A group of firefighters and police officers working for the Metropolitan Government of Nashville and Davidson County, Tennessee filed a lawsuit, asking to have the lump-sum payments for unused vacation days paid at their retirement included in the formula determining the amount of their pension. The Tennessee Supreme Court dismissed their lawsuit, finding that the lump-sum payments did not need to be included in the calculation of retirement benefits.
The dispute turned on a provision of the local code which requires that retirement benefits be based on an employee’s “earnings.” In turn, the code defines “earnings” as “the total cash compensation paid by the Metropolitan Government or a predecessor government to a Metropolitan employee for his personal services.” The retirement formula then calculates a retirement benefit on the basis of “the arithmetic monthly average of a Metropolitan employee’s earnings during the period which contains the 60 consecutive months of credited service which produces the highest average.”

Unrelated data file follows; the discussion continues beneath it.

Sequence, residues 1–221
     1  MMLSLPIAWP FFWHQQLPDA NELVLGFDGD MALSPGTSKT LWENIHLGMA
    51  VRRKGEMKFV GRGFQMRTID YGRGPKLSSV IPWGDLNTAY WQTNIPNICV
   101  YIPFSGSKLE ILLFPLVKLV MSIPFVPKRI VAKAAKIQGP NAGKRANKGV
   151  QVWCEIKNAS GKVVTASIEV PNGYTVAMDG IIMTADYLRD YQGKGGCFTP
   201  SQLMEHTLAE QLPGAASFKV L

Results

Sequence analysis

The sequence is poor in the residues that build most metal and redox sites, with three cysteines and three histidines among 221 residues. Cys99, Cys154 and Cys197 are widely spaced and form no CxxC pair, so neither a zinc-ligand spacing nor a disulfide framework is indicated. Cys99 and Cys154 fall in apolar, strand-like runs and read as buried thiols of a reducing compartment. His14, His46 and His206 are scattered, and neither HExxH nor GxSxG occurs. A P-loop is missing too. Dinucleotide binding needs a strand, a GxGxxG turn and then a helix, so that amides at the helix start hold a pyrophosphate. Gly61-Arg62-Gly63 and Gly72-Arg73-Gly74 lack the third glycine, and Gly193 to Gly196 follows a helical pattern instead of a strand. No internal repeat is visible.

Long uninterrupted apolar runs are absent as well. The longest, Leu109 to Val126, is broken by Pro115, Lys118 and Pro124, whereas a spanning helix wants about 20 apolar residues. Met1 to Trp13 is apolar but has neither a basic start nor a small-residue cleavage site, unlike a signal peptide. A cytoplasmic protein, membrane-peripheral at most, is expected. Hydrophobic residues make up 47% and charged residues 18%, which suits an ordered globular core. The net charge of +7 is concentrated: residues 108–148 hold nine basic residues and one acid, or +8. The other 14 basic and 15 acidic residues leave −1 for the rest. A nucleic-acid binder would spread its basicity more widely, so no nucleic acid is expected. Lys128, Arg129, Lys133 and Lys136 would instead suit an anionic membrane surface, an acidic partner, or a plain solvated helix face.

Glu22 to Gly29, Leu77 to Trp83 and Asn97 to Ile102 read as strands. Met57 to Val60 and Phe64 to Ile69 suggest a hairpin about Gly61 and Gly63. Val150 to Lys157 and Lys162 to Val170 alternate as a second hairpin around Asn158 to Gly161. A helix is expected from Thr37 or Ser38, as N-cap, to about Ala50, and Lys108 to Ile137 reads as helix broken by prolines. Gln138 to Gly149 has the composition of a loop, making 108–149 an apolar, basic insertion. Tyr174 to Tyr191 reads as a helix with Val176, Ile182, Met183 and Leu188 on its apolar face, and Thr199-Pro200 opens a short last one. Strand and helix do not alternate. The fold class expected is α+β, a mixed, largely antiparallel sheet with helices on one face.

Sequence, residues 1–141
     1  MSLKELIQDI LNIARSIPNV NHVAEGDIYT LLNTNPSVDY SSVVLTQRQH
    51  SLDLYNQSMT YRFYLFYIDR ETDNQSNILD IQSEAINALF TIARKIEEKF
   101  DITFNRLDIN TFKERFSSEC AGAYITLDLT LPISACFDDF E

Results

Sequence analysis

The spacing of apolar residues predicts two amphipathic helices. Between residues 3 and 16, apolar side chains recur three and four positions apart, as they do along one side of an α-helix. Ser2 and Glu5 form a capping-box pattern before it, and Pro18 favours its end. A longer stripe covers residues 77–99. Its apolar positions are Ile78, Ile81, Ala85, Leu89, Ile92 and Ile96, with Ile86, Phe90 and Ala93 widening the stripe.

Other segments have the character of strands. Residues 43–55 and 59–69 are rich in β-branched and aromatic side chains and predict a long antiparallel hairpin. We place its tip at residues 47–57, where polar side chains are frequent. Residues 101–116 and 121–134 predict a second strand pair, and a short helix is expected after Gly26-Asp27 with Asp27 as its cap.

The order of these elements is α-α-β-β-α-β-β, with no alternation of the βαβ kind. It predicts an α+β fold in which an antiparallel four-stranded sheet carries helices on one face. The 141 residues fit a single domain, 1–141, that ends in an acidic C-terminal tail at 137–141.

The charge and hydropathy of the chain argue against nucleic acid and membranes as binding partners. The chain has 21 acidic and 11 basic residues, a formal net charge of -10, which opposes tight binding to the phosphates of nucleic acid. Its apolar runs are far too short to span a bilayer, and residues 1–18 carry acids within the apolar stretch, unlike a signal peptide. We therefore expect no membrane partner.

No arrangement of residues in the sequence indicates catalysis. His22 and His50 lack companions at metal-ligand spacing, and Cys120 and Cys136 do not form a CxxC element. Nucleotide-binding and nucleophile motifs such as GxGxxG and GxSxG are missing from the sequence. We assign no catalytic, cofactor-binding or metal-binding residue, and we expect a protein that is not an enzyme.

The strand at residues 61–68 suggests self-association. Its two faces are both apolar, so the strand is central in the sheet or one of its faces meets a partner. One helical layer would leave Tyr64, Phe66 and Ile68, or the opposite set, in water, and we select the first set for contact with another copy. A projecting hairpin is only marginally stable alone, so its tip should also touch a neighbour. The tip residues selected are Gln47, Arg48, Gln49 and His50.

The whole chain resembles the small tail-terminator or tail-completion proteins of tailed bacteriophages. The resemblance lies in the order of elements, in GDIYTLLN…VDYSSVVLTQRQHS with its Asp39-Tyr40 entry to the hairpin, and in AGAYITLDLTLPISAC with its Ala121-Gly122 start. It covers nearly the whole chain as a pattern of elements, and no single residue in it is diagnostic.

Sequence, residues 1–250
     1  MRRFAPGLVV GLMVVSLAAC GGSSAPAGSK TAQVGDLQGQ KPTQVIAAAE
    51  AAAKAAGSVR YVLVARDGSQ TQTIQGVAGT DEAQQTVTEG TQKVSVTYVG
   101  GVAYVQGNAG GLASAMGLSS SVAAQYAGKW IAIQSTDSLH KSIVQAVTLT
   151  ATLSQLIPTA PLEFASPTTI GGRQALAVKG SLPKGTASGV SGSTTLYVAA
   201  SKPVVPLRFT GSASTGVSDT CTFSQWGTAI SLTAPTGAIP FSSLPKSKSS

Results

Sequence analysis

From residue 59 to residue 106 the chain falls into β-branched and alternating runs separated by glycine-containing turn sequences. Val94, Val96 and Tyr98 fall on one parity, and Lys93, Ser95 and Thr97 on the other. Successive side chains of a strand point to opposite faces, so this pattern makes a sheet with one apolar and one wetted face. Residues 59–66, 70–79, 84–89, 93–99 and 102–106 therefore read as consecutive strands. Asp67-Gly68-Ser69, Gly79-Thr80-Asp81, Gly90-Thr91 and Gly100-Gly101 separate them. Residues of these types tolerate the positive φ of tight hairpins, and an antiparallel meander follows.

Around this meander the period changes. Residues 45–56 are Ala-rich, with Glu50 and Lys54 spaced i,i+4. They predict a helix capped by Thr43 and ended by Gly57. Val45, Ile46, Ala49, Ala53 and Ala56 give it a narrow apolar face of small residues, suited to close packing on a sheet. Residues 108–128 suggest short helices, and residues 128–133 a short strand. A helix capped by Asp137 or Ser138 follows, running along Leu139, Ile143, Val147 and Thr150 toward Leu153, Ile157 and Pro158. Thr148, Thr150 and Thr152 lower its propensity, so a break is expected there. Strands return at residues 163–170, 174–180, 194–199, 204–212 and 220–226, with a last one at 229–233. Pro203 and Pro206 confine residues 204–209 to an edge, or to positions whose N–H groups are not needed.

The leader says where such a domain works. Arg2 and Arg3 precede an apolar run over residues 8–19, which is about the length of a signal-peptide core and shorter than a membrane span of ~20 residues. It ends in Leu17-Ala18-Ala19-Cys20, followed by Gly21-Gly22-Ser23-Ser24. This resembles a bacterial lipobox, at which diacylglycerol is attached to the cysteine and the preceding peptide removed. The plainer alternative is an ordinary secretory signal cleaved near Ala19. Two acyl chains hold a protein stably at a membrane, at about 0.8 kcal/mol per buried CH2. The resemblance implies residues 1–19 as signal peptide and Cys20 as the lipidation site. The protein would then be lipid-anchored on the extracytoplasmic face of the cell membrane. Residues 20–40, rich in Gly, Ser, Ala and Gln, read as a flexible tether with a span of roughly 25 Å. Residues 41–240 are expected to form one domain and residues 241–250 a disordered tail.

The Court found that the real dispute was “whether the timing of the lump-sum payments permits them to be counted toward average earnings for the purposes of calculating pension benefits. The police officers and firefighters did not receive their unused vacation day payments during the period of service; instead, they received the payments subsequent to the termination of their employment. In consequence, and pursuant to the plain language of the Metro code, the lump-sum awards for unused vacation days could not literally be included as part of average earnings for purposes of calculating pension benefits because payment was made subsequent to termination.”
Amos v. Metropolitan Government of Nashville and Davidson County, 259 S.W.3d 705 (Tenn. 2008).
This article appears in the November 2008 issue